While the global pandemic has upended life as we know it, including disrupting commercial food supply chains, there are some exciting new connections developing in our local food system. One shining example is a new relationship between three food assistance efforts, connected through Manna Food Center’s Community Food Rescue (CFR) program. When many local restaurants and institutions closed, the pandemic left a lot of local farms with excess produce. At the same time, food insecurity in Montgomery County increased by 50%, with over 100,000 residents receiving food assistance.
To help bridge the gap between farmers with excess produce and people who are in need of food, the Montgomery County Farm to Foodbank program, with county funding, has provided $200,000 to purchase local farm produce for food assistance agencies. Manna Food Center is serving as the program administrator, purchasing roughly 100,000 pounds of produce that will be distributed to 20,000 people by November.
“This program brings a critical systems approach to the Food Security Response Strategy, supporting small businesses while promoting food security, and enhancing connectivity and self-sufficiency in our county’s food system,” said Heather Bruskin, Executive Director of the Montgomery County Food Council. The Montgomery County Farm to Foodbank program is a partnership between the Montgomery County Food Security Task Force, the Department of Health and Human Services, Manna Food Center, the Montgomery County Food Council, and the Montgomery County Office of Agriculture. Manna distributes a portion of the fresh produce directly to its participants, and the rest is distributed to other food assistance agencies through the Community Food Rescue network.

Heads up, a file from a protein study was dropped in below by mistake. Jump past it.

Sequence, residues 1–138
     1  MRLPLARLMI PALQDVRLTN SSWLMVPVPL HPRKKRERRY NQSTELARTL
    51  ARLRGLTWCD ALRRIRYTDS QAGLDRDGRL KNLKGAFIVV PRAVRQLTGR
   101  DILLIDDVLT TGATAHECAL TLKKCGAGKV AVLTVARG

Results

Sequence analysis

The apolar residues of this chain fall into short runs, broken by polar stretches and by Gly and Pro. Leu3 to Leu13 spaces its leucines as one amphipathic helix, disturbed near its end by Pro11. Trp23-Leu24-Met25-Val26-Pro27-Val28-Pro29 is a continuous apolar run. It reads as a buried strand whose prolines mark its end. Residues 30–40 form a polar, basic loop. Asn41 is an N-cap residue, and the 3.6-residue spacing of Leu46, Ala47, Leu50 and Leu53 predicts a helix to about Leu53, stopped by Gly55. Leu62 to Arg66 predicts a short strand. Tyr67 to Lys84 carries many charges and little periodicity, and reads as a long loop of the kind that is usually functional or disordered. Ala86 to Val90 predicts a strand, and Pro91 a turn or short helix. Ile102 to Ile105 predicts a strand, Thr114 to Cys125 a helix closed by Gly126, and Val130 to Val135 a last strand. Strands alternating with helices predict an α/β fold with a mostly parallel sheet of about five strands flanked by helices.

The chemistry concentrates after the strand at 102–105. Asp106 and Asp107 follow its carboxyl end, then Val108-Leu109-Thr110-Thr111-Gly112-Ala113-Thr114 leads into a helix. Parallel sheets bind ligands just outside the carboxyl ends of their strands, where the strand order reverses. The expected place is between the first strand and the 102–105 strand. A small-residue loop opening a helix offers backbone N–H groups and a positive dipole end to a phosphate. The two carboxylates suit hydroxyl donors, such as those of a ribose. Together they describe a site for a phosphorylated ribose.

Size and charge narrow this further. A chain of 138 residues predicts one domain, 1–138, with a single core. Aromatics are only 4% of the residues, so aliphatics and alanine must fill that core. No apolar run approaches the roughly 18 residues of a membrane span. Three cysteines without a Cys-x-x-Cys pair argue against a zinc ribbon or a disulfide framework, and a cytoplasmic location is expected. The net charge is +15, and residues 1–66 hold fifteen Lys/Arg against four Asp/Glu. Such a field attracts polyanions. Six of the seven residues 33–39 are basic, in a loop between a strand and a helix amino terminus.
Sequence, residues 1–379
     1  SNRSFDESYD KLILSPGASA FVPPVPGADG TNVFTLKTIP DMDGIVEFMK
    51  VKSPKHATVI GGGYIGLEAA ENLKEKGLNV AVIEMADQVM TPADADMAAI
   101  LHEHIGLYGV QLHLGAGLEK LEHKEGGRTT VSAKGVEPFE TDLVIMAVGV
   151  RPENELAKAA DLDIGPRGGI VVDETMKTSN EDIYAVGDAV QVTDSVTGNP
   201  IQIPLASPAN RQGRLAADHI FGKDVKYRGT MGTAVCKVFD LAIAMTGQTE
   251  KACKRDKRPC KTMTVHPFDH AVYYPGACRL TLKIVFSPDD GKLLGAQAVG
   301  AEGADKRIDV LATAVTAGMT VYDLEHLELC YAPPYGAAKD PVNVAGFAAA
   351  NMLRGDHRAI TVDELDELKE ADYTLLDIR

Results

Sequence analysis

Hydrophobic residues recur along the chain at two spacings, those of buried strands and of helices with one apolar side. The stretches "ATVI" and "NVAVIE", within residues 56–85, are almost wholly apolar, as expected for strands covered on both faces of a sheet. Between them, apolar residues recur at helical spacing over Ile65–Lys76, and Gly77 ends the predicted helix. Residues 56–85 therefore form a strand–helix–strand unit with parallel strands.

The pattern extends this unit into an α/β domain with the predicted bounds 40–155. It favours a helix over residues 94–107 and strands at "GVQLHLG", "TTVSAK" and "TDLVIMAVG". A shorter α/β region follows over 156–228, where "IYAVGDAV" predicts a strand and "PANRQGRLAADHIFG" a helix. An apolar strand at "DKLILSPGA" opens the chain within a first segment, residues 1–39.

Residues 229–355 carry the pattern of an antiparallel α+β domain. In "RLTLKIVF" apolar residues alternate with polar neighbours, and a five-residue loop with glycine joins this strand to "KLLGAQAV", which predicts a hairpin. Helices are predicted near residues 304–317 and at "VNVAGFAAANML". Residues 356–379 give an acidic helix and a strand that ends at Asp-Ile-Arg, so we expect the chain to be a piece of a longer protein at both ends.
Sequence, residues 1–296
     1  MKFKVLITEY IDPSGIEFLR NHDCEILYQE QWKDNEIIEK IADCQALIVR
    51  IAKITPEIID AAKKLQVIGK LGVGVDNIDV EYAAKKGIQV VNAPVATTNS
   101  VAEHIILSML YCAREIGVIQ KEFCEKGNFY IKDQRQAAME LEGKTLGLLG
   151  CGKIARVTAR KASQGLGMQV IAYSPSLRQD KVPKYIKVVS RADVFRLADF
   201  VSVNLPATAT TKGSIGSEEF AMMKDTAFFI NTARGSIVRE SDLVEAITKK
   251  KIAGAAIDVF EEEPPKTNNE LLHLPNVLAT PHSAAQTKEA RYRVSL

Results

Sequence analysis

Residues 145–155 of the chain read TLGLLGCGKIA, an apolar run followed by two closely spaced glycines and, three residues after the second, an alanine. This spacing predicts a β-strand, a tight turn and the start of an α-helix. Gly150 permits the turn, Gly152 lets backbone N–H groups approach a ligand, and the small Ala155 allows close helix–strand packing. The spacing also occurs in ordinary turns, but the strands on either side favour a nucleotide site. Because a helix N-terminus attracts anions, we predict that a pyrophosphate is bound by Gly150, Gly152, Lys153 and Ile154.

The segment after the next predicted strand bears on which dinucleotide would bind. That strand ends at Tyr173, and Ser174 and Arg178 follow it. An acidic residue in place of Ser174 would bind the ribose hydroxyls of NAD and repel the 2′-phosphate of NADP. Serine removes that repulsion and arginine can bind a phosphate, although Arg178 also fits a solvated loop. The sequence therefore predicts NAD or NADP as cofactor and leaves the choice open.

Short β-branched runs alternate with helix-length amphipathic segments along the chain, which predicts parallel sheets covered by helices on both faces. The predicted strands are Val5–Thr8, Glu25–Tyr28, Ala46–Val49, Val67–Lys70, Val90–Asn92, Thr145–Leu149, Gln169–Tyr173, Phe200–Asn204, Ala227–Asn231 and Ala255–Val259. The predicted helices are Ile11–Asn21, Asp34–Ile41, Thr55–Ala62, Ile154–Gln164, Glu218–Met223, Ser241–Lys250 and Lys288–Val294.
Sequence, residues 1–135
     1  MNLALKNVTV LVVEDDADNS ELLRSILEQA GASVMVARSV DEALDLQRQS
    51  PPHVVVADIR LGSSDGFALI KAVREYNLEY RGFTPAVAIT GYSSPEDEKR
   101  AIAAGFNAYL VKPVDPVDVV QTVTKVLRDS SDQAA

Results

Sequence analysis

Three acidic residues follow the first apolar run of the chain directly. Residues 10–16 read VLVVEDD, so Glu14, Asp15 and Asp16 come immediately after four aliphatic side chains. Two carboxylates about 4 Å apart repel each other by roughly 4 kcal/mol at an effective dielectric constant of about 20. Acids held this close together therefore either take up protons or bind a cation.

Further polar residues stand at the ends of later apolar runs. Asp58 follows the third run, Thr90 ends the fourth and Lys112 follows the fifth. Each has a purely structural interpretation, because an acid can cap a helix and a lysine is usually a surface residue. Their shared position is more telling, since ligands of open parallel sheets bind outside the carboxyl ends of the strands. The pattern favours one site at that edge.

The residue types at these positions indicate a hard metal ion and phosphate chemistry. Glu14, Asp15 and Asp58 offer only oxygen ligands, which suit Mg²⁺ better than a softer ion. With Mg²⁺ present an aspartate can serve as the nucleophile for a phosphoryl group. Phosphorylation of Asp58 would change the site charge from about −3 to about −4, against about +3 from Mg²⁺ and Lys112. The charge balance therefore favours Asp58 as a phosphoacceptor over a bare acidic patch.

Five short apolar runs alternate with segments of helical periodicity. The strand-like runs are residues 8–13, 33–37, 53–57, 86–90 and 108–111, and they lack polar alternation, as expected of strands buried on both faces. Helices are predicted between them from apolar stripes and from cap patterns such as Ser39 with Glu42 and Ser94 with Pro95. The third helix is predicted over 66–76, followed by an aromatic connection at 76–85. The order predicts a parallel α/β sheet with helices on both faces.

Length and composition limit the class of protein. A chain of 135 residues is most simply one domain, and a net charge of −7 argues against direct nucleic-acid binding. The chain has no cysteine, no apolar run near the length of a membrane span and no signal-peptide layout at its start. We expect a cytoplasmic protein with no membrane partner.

One of the newest non-profit agencies to join the CFR network is the Guru Gobind Singh Foundation (GGSF), a Sikh Spiritual Center in Rockville. The Gudwara (Sikh Temple) offers free, freshly prepared meals to all who need them each Sunday from its Langar Hall, a community kitchen where vegetarian meals are traditionally served free to all visitors. Its volunteers arrive at 6 a.m. on Sundays to begin preparing meals, which are ready for distribution by 10 a.m. By May it was providing those meals in a drive-through capacity to 500 to 700 people who arrived by car each Sunday. GGSF joined the CFR network in August and so far has received 400 lbs. of the Farm to Foodbank local produce to augment the food it receives from county and other sources for its meals. “Serving food to others is one of the main pillars of our faith,” said Rajwant Singh, the Foundation’s secretary.
Once GGSF joined the CFR network, organizer Aman Shergill offered to donate some of the program’s prepared meals through the network. “Often we have some remaining single portion grab-and-go meals that we’d like to find a good home for,” Shergill explained. So GGSF became both a CFR recipient agency and a food donor. CFR matched their weekly prepared food donation with So What Else, a non-profit organization providing free, enriching out-of-school programs for children ages five through 18. During COVID-19, they expanded their mission to include both emergency hunger relief and youth development. The group serves students across six counties in our region, including Montgomery County. Not only has GGSF donated their surplus meals each Sunday, but they now regularly prepare 130 meals for So What Else that are picked up and delivered each week by a CFR volunteer food runner.
While our area residents’ food needs are great, and farmer’s struggle to meet their bottom line, new relationships and connections that form when the community comes together lift everyone up. To see a short video of GGSF in action, click here.